When the Supreme Court released their decision on Deferred Action for Childhood Arrivals, I didn’t know how to feel. A part of me was expecting the worst, and a part of me is still processing. The program, known as DACA and started in 2012 by the Obama administration to protect illegalized immigrants brought to the U.S. as children, was immediately challenged by Trump when he took office in 2017. On June 18, 2020, the Supreme Court ruled against Trump.
As an illegalized immigrant with DACA, I’m still anxious.
I depend on a two-year work permit that has allowed me to work and go to school without the fear of being deported. I want to scream at the top of my lungs that I am unafraid and unapologetic, but the reality is: I am still scared. And angry.
The media unrolls a steady stream of the same headlines: “Undocumented immigrants pay an estimated $11.6 billion a year in taxes” or “More than 200,000 DACA recipients nationwide are considered essential workers in the pandemic.” The message I’ve absorbed is that I am only valued for my labor and contributions to this country. I am tired of reading DREAMer narratives that perpetuate the same rhetoric — that we are hardworking and deserving to stay in this racist and white supremacist country. We are more than that. Why do we need to validate our worth through our labor when migration is a human right?
The artist Yosimar Reyes said, “Let it be known that undocumented people have never needed saving. Let it be known that we are simply people who are caught in a game of political football. Undocumented people are powerful because waking up every morning to a country that vilifies you and to choose to actively participate is an act of resilience.”
We never needed DACA to thrive.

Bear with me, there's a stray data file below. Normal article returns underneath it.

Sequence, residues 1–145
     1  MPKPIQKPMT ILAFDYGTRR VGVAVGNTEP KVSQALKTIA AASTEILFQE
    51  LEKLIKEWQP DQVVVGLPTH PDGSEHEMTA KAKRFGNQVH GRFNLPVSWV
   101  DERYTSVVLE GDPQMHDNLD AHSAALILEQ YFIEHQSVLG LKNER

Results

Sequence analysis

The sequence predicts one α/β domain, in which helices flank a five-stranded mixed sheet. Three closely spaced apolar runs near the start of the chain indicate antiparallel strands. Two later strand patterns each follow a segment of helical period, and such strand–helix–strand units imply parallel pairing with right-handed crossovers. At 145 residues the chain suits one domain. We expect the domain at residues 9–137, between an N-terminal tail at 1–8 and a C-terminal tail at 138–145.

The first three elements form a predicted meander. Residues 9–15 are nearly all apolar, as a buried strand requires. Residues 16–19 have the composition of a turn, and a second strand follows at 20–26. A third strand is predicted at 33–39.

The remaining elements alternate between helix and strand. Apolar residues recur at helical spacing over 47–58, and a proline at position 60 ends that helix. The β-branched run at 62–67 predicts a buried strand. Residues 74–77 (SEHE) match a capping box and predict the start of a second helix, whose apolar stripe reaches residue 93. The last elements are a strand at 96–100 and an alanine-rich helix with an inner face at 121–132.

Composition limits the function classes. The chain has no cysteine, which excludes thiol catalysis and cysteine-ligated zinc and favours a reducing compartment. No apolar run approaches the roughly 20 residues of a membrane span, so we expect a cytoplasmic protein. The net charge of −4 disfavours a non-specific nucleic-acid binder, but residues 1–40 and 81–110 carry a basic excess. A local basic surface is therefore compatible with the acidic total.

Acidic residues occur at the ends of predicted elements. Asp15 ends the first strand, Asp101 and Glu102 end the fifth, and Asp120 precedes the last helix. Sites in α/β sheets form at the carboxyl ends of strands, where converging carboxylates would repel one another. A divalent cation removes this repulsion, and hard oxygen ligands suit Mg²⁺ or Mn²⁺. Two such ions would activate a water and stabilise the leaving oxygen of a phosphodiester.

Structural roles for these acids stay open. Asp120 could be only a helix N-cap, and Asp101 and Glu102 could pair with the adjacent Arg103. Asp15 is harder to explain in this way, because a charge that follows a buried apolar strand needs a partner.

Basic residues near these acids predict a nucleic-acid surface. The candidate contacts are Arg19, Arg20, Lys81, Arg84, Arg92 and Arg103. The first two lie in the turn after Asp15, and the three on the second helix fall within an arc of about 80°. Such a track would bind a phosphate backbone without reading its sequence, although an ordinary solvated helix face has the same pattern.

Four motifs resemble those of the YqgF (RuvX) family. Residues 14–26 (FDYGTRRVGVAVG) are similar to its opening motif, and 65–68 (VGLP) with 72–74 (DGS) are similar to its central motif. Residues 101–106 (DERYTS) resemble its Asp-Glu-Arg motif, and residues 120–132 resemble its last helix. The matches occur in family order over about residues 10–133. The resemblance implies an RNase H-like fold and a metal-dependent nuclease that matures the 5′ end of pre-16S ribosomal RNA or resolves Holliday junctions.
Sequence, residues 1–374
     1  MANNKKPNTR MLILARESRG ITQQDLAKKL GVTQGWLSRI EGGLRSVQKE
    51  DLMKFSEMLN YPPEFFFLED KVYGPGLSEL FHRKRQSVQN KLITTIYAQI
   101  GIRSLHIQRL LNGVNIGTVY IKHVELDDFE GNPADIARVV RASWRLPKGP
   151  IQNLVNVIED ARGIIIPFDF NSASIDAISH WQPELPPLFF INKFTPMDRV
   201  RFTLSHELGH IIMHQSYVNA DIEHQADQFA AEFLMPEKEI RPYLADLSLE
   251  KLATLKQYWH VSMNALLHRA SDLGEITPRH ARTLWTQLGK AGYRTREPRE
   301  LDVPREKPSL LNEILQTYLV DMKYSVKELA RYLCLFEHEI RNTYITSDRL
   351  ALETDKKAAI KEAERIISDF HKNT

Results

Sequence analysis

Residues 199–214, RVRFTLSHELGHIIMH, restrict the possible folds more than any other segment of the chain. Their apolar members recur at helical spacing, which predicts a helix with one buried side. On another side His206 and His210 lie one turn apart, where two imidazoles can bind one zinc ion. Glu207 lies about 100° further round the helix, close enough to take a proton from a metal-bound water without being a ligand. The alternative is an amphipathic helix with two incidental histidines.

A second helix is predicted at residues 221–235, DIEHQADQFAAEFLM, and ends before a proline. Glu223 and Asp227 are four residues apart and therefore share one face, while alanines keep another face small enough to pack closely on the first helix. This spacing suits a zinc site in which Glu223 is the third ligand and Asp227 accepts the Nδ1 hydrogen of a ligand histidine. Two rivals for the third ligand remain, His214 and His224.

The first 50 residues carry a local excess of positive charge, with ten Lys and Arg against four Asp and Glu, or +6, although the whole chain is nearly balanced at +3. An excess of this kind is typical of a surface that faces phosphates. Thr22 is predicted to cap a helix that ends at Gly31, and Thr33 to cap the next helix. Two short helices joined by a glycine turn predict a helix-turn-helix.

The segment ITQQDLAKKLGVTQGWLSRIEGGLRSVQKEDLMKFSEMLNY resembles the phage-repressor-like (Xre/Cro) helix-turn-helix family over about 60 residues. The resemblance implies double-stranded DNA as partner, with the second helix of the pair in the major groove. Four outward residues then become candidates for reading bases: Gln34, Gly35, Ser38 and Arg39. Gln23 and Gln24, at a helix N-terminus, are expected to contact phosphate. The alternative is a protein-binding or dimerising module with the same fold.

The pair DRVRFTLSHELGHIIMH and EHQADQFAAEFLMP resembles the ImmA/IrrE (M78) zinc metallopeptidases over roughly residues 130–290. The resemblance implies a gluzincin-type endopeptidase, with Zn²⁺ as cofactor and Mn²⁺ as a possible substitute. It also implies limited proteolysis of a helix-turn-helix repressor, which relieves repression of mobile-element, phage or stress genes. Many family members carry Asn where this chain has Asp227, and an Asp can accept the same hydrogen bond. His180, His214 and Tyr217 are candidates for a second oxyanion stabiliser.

But also, I’m guilty. I have perpetuated the DREAMer narrative. In 2017, during my first year of college at Georgetown University, decked out in orange, I participated in sit-ins and shared my story many times as part of the actions and protests of the Clean DREAM Act campaign. I shared why I “deserve” to be here. That I had migrated to the U.S. at two years old, with my mother and my older sister. I shared my aspirations and my dreams of advocating for my community — a story that is insignificant in its normality. I eventually became involved with an immigrant rights organization on campus and worked on raising awareness. I believed I was doing the right thing.
Last October, I also joined an amicus curiae brief submitted by Georgetown and other universities in support of DACA. In it, I shared that I was studying Computer Science and that I wanted to pursue a career in software engineering. In reality, I was unsure what career I wanted to pursue, or whether I had chosen the right major.
What later came was guilt. Shame. In only thinking about those with DACA, I am being being selfish, I thought to myself, ashamed. What about my parents? What about those who don’t qualify for DACA? What about everyone else? I was centering the narrative of those like me who are high-achieving and hard-working — amplifying the same rhetoric, instead of resisting it. You see, DREAMer narratives are rooted in assimilation, productivity culture, capitalism — and anti-Blackness.
During these moments of guilt and shame, I isolated myself. You should be grateful, I told myself. You have the privilege to work and go to college. But it was more than that.
This country has made me numb.
For the past few months, I’d wake up every morning to check the news, refreshing the page every 30 seconds. A part of me felt detached — unable to process what I was feeling. It was if I had been holding my breath for the past few months, and finally able to take one breath after the Supreme Court ruling. But one breath isn’t enough.
Activism takes many forms, and on days like these, when the sadness and guilt overwhelm and take over, I turn to poetry and art. Reading Alán Pelaez Lopez’s chapbook to love and mourn in the age of displacement and Karla Cornejo Villavicencio’s The Undocumented Americans has helped me understand and process my shame and guilt.
DACA was never the solution, and nor is citizenship. We must look beyond these notions. What does liberation really look like?
For now, I move forward to reimagine. I reimagine a world with no borders — where immigrants like me can move unencumbered, reuniting with our families in and outside of the United States. I reimagine a place where families are not targeted, criminalized or separated. I reimagine a world where we abolish all systems that perpetuate fear and harm in our communities. I reimagine a world where we are free, because on stolen land no person should ever be deemed “illegal.”
These books teach kids about the real, diverse history of the United States.
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